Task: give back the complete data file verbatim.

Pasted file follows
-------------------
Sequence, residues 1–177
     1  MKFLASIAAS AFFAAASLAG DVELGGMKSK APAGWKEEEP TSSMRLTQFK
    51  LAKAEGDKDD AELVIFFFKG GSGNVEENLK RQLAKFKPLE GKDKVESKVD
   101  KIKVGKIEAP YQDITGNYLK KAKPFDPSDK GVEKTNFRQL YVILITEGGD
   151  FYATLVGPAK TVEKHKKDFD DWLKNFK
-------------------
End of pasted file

Sequence, residues 1–177
     1  MKFLASIAAS AFFAAASLAG DVELGGMKSK APAGWKEEEP TSSMRLTQFK
    51  LAKAEGDKDD AELVIFFFKG GSGNVEENLK RQLAKFKPLE GKDKVESKVD
   101  KIKVGKIEAP YQDITGNYLK KAKPFDPSDK GVEKTNFRQL YVILITEGGD
   151  FYATLVGPAK TVEKHKKDFD DWLKNFK